The ability to precisely trap, transport and manipulate micrometer-sized objects is very important in microfluidic applications. Caenorhabditis elegans (C. elegans) is one of the most commonly used animals in biological and medical research due to the small size, well-mapped neuronal system, transparent body and the ease to culture. In many studies, worms need to be selected, transported and immobilized for experiments and observation. In this study, we demonstrate that acoustic radiation forces, including Primary Radiation Force (PRF) and Secondary Radiation Force (SRF), can be used to precisely manipulate C. elegans. Due to the non-contact and no-electrical-field nature, we believe that the technologies developed here provide novel ways of manipulating of C. elegans, as well as potentially any other biological samples.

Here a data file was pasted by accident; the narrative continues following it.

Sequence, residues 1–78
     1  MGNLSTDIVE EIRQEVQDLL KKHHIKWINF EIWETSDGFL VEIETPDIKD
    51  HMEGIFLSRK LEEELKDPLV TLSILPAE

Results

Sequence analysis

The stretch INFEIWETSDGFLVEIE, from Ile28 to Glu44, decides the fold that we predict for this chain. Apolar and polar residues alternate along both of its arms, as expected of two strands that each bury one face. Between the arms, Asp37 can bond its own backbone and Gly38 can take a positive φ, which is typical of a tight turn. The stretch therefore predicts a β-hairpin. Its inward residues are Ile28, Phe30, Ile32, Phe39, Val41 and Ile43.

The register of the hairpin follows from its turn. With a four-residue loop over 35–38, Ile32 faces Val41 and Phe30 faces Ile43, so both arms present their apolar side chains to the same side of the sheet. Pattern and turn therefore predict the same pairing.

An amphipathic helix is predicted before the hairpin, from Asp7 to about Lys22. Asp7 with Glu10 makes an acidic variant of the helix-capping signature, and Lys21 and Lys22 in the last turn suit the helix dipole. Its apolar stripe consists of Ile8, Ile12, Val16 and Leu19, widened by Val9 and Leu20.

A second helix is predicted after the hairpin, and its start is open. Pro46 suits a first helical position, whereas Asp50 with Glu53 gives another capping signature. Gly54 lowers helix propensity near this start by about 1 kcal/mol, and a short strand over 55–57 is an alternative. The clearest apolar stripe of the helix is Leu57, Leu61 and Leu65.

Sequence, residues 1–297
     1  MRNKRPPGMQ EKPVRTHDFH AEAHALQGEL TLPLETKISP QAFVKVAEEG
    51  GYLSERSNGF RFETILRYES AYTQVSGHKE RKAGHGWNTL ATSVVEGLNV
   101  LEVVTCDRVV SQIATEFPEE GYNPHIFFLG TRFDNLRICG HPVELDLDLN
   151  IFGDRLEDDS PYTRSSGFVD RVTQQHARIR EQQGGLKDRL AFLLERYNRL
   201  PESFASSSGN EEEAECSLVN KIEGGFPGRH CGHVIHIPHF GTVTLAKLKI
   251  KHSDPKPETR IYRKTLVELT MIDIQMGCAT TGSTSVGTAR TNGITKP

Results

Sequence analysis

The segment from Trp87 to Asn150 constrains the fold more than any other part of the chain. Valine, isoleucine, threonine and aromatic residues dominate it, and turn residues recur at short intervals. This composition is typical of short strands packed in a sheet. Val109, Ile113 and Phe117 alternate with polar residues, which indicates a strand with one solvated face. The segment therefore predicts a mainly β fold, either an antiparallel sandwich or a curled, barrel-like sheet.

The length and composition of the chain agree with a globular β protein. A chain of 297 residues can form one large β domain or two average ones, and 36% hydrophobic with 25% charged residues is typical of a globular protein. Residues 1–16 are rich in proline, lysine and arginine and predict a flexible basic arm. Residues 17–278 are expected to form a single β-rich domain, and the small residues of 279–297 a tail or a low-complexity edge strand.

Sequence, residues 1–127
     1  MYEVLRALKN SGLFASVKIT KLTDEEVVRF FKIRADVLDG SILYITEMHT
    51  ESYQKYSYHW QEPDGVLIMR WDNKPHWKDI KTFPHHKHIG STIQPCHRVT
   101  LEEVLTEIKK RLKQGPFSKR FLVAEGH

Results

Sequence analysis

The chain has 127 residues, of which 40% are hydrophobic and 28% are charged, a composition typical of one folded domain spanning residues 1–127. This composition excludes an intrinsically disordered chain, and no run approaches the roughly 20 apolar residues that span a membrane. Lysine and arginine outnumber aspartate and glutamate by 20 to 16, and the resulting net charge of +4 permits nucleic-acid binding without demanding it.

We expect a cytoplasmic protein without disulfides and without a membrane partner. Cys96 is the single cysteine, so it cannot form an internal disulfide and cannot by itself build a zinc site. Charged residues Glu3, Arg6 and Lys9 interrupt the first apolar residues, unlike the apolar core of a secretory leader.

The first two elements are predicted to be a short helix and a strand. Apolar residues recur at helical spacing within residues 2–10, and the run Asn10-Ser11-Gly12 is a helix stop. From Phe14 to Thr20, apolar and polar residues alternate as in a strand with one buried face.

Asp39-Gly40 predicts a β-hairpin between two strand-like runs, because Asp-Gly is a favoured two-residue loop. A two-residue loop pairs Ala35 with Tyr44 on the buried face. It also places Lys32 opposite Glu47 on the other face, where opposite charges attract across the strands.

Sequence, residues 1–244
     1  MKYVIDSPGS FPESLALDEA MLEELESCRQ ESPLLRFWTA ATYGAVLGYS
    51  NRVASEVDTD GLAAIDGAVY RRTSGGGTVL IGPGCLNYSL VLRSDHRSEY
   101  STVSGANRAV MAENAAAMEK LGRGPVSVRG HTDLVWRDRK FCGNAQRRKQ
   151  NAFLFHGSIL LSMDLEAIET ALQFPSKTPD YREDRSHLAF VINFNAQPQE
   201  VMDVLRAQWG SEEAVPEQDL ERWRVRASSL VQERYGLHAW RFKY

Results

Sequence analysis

Journal: TechConnect Briefs
Volume: 2, Nanotechnology 2012: Electronics, Devices, Fabrication, MEMS, Fluidics and Computational (Volume 2)
Published: June 18, 2012
Pages: 310 - 313
Industry sectors: Advanced Materials & Manufacturing | Sensors, MEMS, Electronics
Topics: Micro & Bio Fluidics, Lab-on-Chip